Based on André Aciman’s novel of the same name “Call Me By Your Name” is a delicate romance that explores the nature of consensual, unconditional love.
The story begins at the 17th century Northern Italian villa of archaeology professor Samuel Perlman (Michael Stuhlbarg). It’s 1983 and each year he invites a graduate student to spend the summer cataloguing his discoveries. This year it’s Oliver (Armie Hammer), a 24-year-old American as confident as he is good looking. “What do you do around here?” he asks Elio (Timothée Chalamet), Perlman’s “Heart of Darkness”-reading, classical pianist 17-year-old son. “Wait for the summer to end,” comes the answer.
This summer is different, however. While dating a pretty local girl Marzia (Esther Garrel), Elio experiences a sexual awakening as he develops feelings for the older Oliver. The two begin a relationship, at first playfully antagonistic, later deeply and unabashedly romantic. Ripe with the bloom of first love Elio is devastated when Oliver returns to the United States, left an emotional wreck. Enter Professor Perlman with an empathetic speech that brings with it comfort but no easy answers.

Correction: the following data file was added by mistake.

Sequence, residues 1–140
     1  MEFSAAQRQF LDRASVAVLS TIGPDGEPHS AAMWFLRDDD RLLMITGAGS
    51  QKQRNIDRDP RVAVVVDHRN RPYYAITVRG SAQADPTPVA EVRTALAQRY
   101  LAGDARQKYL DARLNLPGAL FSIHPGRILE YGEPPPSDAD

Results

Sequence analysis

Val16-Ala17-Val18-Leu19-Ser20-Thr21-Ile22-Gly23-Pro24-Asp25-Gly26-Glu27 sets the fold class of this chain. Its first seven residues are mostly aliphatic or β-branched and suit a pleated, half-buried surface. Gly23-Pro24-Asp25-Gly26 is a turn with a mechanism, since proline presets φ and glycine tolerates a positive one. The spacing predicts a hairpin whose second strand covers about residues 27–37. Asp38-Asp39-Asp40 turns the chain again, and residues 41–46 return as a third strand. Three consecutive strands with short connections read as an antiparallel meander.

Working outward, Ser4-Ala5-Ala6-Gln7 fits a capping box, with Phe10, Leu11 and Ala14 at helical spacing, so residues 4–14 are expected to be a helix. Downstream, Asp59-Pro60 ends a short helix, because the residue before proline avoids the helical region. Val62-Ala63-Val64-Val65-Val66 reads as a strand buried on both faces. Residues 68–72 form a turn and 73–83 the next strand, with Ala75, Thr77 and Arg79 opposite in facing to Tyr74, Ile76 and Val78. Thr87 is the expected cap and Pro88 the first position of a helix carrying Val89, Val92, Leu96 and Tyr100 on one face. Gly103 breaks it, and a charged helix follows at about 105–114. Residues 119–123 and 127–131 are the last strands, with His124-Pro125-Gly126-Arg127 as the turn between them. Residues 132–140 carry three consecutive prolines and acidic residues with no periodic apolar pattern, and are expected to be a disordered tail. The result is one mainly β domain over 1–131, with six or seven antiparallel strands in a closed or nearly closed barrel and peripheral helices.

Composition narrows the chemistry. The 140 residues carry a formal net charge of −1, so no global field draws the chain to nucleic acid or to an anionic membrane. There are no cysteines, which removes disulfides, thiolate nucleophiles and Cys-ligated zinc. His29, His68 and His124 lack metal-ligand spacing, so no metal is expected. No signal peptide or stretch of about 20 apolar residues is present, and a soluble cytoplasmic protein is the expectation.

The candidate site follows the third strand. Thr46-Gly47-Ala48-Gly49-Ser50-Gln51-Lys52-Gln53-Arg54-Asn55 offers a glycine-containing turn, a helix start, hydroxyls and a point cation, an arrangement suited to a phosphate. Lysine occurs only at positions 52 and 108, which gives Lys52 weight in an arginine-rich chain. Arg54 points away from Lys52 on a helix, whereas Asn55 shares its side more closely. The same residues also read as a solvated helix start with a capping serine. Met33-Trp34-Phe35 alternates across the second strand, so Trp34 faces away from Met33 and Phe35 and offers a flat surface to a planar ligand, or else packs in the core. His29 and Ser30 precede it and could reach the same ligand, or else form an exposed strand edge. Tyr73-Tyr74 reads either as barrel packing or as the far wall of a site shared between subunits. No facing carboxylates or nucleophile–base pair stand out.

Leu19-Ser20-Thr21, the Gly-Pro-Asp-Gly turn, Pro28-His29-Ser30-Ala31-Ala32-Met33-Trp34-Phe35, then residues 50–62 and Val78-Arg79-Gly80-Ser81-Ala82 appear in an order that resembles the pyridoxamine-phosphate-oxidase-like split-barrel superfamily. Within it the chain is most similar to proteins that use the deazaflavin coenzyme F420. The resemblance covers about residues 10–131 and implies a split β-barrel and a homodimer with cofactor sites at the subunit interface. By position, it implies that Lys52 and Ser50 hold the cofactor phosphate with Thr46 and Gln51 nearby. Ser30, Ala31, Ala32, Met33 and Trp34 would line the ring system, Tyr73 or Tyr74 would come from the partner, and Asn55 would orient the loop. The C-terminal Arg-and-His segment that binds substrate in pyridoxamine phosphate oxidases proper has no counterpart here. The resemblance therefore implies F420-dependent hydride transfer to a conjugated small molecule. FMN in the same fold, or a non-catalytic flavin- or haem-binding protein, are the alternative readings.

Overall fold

“Call Me By Your Name” is a movie of small details that speak to larger truths. Director Luca Guadagnino keeps the story simple relying on the minutiae to add depth and beauty to the story. The idyllic countryside, the quaint town, the music of the Psychedelic Furs and the languid pace of a long Italian summer combine to create the sensual backdrop against which the romance between the two blossoms. Guadagnino’s camera captures it all, avoiding the pitfalls of melodrama to present a story that is pure emotion. It feels real and raw, haunted by the ghosts of loves gone by.
Chalamet, who impressed in “Lady Bird” earlier this year, nails the balance between joy and lovelorn, delivering a performance that bridges the gap between hormonal teenager and emotionally charged adult. The film’s final shot, a sustained close-up on Elio’s face in the grips of the realization that he may never see Oliver again, is a window into the soul of heartbreak.
Hammer, whose towering frame and handsome face suggest a typical leading man, delivers a career best performance. Toggling between brash and beatific, he brings sensitivity to the role and isn’t simply set dressing or an object of obsession.
With Chalamet and Hammer in the leads the movie is an extended two-hander but near the end Stuhlbarg delivers an “if there is a flame, don’t snuff it out” speech that is worth the price of admission.
“Call Me By Your Name” is a lot of things. It’s part travelogue—you’ll want to jump on a plane for Italy right away—part coming of age story, part romance, but, best of all, it is respectful. It is respectful of Elio’s experience and the residual feelings left behind.